# change order of limit

For function $$f(x)$$, let $$$$f(c)=\lim_{x \to c} f(x).$$$$ Under what conditions the following holds? $$$$f'(c)=\lim_{x\to c} f'(x).$$$$ For instance, let $$f(x)=\frac{\sin(x)}{x}$$, $$$$f(0)=\lim_{x\to 0}\frac{\sin(x)}{x}=1.$$$$ Is the following true? $$$$f'(0)=\lim_{x\to 0}\left(\frac{\sin(x)}{x}\right)'$$$$

• In your example, $f'(0)=0$. Is the limit of the derivative zero? In general though, derivatives may not be continuous. Nov 30, 2019 at 5:20
• You have your equality if the limit on the right hand side exist (assuming that $f$ is differentiable everywhere). See here. Nov 30, 2019 at 5:22
• It is true if $f$ is continuously differentiable at $x=c$. I'm not sure if that is an answer that is satisfactory for you though. Nov 30, 2019 at 6:43
• For any function $g$, for $\lim_{x\to c}g(x)=g(c)$ to hold, it suffices that $g$ be continuous at $c$. So your question can be rephrased as "under what conditions is a derivative continuous?". A sufficient condition is the function twice differentiable, but this is not necessary.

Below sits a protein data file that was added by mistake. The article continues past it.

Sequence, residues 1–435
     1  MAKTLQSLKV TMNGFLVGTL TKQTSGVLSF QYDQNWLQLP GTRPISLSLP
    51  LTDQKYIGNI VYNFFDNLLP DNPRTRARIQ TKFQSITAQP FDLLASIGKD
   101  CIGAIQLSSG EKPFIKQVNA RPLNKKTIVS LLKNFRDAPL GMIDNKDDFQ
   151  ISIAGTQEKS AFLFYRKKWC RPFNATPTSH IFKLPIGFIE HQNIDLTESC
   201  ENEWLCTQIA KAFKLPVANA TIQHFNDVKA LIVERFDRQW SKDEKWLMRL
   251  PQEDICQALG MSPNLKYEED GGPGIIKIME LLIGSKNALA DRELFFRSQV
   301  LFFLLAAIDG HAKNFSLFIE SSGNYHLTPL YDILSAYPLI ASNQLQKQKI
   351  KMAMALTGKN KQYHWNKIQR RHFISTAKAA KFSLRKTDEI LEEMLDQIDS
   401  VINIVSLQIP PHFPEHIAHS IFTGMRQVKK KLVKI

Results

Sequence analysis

– user65203
Nov 30, 2019 at 8:27
• Nov 30, 2019 at 9:40

Recall that

$$f(c)=\lim_{x \to c} f(x)$$

is true if and only if $$f(x)$$ is continuous at $$x=c$$ and therefore

$$f'(c)=\lim_{x\to c} f'(x)$$

is true if and only if also $$f'(x)$$ is continuous at $$x=c$$.

For the example

$$f(x)=\frac{\sin(x)}{x} \implies f'(x)=\frac{x\cos x-\sin x}{x^2}$$

by $$f(0)=1$$ and $$f'(0)=0$$, are continuous at $$x=0$$ and both identities hold.

But the property is not true in general, e.g. $$f(x)=|x|$$.